# Top Asian News;
- Toshiba Picks Bain-Japan Group as Preferred Chip Unit Buyers
- Freeport Indonesia Workers to Extend Strike for Third Month
- Australia Law to See Online Retailers Pay More Sales Tax
- Vanke’s Wang Exits After Tussle Over China’s No. 1 Developer
- China Stocks Win MSCI Entry as $6.9 Trillion Market Goes Global
- MSCI Sees $17b of China Inflows Under Current Inclusion Plan
- Singapore June COE Second Open Tender: Summary (Table)
- Allianz Seeks to Bulk Up in Asia in Wait for China Permit
- China Steel Rebar Extends Drop as ‘Off-Season’ Demand Takes Toll
*) EU markets trade in the red, a continuation from yesterday's US session. Energy continues to struggle, with WTI futures looking to once again attack the USD 43.00/bbl level. Financials lead the downside however, not helped by earnings downgrades this morning, with prudential (-16%) the clear laggard in FTSE 100. Fixed Income markets are evident of the risk off sentiment — Gilts and Bunds continue to tick higher as global uncertainties continue. Spreads to the Bund have been mixed, with the lOy Spain trading well, 0.50bps tighter to Bunds, contrasting with a 0.50bps widening for BTPs. UK PM May stated that the Brexit needs to be delivered in a way the commands maximum public support, while May added they will work with parliament, businesses and devolved governments to ensure a smooth and orderly exit.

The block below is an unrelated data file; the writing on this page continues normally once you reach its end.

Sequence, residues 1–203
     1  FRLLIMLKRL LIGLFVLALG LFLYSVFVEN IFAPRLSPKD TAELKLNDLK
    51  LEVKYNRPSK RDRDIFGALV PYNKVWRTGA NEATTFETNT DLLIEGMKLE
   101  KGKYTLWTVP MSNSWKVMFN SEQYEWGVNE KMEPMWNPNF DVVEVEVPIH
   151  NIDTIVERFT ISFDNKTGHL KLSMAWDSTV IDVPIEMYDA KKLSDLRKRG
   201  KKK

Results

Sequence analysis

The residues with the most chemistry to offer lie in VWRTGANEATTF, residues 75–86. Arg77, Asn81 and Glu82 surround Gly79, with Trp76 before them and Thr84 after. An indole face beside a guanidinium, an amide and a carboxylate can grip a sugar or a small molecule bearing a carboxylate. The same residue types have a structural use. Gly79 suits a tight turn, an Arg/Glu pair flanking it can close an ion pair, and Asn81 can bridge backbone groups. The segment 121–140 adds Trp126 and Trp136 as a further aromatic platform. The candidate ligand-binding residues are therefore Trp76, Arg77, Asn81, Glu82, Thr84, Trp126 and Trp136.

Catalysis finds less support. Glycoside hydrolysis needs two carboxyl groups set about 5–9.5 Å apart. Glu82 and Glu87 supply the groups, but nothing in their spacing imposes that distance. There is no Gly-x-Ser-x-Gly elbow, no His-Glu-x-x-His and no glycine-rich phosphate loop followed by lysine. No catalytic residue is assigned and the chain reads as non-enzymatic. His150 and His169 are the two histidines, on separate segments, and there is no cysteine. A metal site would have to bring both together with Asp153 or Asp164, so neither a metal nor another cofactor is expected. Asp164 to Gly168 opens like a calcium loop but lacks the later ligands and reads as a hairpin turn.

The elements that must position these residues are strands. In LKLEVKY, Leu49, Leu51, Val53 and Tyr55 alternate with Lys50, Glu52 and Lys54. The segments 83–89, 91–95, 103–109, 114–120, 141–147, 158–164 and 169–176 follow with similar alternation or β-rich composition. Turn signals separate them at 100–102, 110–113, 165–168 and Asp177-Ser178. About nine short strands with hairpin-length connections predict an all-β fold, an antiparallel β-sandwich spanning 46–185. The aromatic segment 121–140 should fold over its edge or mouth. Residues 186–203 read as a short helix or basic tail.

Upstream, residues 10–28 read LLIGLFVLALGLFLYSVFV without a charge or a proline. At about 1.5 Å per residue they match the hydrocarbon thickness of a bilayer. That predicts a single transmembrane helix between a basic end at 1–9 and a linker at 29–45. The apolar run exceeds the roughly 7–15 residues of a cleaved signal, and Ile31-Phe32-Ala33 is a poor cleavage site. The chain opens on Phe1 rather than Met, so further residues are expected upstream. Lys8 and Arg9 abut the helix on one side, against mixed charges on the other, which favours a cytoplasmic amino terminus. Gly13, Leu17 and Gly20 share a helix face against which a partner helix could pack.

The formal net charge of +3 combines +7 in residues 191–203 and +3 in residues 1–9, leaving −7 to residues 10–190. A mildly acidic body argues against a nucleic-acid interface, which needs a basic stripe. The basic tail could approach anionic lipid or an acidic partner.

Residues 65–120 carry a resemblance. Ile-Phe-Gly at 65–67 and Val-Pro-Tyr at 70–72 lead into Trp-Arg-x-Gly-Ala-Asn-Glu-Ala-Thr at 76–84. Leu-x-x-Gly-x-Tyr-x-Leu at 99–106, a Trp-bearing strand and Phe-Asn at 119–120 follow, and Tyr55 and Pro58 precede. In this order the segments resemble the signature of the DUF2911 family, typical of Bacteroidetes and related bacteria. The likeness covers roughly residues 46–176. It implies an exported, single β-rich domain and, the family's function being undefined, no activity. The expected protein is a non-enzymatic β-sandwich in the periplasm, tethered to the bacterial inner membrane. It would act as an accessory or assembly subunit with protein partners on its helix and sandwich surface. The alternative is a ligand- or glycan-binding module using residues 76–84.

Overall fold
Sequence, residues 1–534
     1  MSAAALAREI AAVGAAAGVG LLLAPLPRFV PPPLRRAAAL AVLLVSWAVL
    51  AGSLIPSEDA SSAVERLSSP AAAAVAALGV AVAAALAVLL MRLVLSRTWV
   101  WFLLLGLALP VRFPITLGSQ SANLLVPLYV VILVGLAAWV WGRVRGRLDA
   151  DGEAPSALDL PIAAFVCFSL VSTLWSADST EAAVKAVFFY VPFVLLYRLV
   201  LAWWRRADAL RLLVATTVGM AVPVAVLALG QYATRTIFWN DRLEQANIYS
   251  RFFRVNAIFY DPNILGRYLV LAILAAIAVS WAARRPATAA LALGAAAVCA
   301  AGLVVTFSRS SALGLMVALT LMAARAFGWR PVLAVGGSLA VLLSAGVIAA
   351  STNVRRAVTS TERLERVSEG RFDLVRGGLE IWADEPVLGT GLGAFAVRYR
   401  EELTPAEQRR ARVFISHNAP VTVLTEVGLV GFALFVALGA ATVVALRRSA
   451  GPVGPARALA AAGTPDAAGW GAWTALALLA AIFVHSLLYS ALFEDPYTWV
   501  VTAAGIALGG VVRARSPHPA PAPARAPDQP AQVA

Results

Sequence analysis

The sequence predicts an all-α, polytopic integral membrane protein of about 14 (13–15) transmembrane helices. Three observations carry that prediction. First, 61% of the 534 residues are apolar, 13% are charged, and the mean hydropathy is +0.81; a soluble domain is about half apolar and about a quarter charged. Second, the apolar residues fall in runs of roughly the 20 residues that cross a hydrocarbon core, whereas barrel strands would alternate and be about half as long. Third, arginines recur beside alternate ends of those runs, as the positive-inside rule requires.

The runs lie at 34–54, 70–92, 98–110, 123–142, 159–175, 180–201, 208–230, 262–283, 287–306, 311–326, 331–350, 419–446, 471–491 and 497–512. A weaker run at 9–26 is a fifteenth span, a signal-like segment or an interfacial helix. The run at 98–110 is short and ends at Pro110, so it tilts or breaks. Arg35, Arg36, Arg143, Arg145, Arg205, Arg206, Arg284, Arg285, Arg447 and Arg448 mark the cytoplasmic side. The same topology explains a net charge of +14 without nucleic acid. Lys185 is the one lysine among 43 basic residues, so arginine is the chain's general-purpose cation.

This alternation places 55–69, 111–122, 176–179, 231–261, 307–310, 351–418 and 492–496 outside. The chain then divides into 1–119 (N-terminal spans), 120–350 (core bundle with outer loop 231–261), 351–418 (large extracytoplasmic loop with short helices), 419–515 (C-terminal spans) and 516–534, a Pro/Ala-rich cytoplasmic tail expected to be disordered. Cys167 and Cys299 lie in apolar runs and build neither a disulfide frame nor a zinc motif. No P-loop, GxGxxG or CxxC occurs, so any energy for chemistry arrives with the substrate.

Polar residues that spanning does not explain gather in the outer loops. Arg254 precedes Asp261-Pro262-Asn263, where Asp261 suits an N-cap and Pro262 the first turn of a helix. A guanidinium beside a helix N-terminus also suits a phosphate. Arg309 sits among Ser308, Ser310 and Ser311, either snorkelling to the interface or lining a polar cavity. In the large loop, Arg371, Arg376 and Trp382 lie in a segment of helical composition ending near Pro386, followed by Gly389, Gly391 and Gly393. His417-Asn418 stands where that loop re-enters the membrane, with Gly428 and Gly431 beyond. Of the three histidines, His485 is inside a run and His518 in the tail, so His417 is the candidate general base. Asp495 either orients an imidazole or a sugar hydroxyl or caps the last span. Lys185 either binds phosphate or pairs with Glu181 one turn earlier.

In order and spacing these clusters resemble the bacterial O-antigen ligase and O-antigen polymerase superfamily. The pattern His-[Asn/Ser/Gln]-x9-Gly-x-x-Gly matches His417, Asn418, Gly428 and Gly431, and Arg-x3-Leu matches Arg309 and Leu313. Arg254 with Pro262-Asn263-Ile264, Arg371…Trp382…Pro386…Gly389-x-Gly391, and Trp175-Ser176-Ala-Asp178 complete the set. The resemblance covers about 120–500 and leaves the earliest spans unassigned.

30 UK Conservative MPs are reported to have told PM May they will not accept a Brexit without a deal. The DUP was reported to have threatened to walk away from talks with the Conservative party over forming a government. Last night there was speculation that the Conservatives could even open talks with the Liberal Democrats' 12 MPs about supporting the Tory Government if the DUP talks fail.
# Top European News;
- Gecina to Buy Eurosic for $2.8 Billion to Add Paris Offices
- Provident Financial Falls 20% After Warning on Consumer Credit
- Credit Suisse to Bolster Leveraged Finance Business: FT
- Australian Regulator Postpones Decision Date on Bayer, Monsanto
- Novo Nordisk’s Victoza Heart Benefit Claim Backed by FDA Panel
- May Faces New Political Reality With Brexit-Heavy Program
- Macron Loses Two More French Ministers as Bayrou, Sarnez Quit
- U.K. Budget Deficit Narrows in Fiscal Boost for Hammond
- Italy’s Gentiloni: U.K. Not Very Strong at Start of Brexit Talks